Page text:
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El Paso Times: President of Shell Oil urges more oil drilling

By Vic Kolenc / El Paso Times
Article Launched: 07/21/2007 12:00:00 AM MDT

The United States is living on the “knife’s edge of a (energy) shortage,” but the country has plenty of energy sources for the future if Congress and other policymakers open more areas to oil drilling and provide incentives for developing other forms of energy.

That’s what John Hofmeister, 59, president of Houston-based Shell Oil Co., the U.S. arm of Royal Dutch Shell, told a group of El Paso business people Friday. Forbes ranks Royal Dutch Shell as the world’s third-largest company by revenues.

“Are we running out of energy? Not at all. That’s the good news,” Hofmeister said during a luncheon speech. “Why is it not more available? That’s the bad news,” and is tied to the lack of proper public policy for energy development, he said.

Hofmeister was in El Paso as part of his yearlong, 50-city energy-education tour. It’s aimed at improving the public’s unfavorable view of the oil and gas industry, and to get the public to better understand energy issues. He spoke at a Greater El Paso Chamber of Commerce luncheon and also had a town-hall meeting at the University of Texas at El Paso.

More offshore areas of the United States and more federal land need to be opened to oil drilling, Hofmeister said. Oil sands, oil shale, coal gasification, liquefied natural gas, biofuels, hydrogen fuel and windmills are less conventional but plentiful forms of energy that can be developed with government incentives, he said. Shell has projects in all those energy forms.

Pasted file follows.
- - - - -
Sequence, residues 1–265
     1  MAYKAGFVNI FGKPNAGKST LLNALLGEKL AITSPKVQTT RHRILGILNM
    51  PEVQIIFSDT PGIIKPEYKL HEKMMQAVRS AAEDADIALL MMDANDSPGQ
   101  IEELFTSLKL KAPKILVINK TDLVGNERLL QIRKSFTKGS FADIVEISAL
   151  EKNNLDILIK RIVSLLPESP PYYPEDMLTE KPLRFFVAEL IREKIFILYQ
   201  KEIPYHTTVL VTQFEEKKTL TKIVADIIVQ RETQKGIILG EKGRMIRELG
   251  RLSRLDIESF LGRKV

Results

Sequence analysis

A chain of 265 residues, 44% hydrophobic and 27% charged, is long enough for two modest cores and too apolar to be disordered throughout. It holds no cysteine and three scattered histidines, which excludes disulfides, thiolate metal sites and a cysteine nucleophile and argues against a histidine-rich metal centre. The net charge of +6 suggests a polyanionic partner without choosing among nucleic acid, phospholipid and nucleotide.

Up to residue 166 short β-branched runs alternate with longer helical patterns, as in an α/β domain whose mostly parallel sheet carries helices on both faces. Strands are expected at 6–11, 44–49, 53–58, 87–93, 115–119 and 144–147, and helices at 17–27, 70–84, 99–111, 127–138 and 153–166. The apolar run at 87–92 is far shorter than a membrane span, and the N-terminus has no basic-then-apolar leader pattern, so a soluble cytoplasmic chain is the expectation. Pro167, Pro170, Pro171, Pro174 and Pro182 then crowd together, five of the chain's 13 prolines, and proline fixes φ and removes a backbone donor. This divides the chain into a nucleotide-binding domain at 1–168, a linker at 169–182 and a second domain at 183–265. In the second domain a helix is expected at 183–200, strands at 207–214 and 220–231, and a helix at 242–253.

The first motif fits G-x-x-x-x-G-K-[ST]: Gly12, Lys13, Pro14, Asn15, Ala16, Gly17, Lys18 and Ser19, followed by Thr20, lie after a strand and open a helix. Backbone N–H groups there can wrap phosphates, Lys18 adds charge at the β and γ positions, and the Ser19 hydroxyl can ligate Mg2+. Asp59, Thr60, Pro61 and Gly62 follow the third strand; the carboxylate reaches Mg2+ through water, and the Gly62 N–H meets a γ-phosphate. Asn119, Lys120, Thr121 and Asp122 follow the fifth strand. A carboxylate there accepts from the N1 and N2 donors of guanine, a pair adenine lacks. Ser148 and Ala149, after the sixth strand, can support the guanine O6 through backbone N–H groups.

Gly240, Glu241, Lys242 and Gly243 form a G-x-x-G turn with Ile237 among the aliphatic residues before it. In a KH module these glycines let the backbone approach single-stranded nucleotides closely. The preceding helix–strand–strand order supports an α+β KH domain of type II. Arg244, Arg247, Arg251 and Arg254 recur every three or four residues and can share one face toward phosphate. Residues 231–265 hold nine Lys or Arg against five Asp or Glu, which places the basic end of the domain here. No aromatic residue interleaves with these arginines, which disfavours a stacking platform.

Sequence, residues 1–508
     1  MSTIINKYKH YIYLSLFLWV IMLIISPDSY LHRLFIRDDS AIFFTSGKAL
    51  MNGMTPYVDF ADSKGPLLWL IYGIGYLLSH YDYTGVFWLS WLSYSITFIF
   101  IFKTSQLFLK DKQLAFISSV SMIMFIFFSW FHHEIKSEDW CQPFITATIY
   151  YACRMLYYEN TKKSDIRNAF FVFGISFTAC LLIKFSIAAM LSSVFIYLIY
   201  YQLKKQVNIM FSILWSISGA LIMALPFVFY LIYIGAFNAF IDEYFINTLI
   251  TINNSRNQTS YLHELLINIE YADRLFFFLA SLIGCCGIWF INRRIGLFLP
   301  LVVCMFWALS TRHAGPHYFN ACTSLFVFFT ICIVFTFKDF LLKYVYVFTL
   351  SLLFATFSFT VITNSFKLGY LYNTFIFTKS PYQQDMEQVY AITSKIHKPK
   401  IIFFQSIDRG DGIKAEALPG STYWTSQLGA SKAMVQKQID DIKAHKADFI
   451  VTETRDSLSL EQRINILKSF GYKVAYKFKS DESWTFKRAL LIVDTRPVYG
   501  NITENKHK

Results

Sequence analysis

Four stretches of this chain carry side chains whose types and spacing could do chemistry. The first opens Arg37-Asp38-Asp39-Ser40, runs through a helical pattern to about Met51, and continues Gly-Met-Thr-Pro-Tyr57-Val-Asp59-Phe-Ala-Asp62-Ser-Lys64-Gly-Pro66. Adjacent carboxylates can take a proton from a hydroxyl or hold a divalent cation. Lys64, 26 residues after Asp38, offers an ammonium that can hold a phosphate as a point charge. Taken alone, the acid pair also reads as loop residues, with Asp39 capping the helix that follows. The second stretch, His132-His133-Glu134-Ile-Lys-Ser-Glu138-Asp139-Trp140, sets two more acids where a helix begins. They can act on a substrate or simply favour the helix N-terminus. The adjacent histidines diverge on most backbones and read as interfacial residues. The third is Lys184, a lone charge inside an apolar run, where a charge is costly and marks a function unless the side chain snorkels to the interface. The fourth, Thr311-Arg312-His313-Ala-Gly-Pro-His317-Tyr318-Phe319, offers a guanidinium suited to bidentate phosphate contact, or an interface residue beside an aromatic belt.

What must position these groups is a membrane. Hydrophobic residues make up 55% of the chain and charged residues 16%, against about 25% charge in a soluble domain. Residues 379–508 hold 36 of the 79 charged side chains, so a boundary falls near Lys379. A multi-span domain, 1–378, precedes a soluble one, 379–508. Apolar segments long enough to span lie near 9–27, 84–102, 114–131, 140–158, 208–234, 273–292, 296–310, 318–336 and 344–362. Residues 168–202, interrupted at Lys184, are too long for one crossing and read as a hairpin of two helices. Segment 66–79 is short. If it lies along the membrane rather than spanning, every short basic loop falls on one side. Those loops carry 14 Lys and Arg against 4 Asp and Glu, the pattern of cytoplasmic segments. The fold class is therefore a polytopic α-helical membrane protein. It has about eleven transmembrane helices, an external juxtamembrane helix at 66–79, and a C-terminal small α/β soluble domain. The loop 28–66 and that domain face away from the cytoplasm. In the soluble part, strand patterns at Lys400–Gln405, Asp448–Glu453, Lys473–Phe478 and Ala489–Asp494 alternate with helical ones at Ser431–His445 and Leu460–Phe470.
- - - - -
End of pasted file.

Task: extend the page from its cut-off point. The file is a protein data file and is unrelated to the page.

“There are 2 trillion barrels of unconventional oil and gas reserves locked in oil sands in Alberta, Canada, and in oil shale in Colorado, Utah and Wyoming,” Hofmeister said to give examples of where future energy supplies could be found.

Steve Thomson, an advanced engineering manager at the Delphi Mexico Technical Center in Juárez, said he agreed that plenty of energy was available, “but it’s always a matter of how much you’re willing to pay to process that energy.” Thomson said he had been unaware of the amount of oil and gas available “right off our coasts.” He agreed that more offshore areas should be opened to drilling.

El Paso Electric CEO Ershel Redd Jr. said he was disappointed that Hofmeister didn’t talk about the need for energy conservation to help solve the nation’s energy problems.

“He wants to change public policy to open new lands for exploration,” Redd said. “But those supplies also are finite. We need to figure out how to use less (oil and natural gas), and take cars off the street and (use) more mass transit.”

Redd agreed with Hofmeister that the United States should do more to use its plentiful coal supply. “We have 250 years of coal reserves in this country,” Redd said. It will cost more to use it, “but we have to do it.”

Sleida Viramontes, who works for Gail Darling Staffing, an El Paso employee staffing firm, said Hofmeister’s speech left her with a lot of questions about the oil and gas industry, especially why gasoline prices vary so much by city.

Hofmeister told news reporters later that gasoline prices are high simply because demand is outstripping supply. A change in public policy could allow the building of more refineries in the United States, he said. Shell and other companies are expanding existing refineries because that’s easier than building new ones, he said.

Hofmeister blamed the oil and gas industry for not better explaining energy issues to policy makers and the public. “Informed people choose best,” he said.

Vic Kolenc may be reached at [email protected], 546-6421

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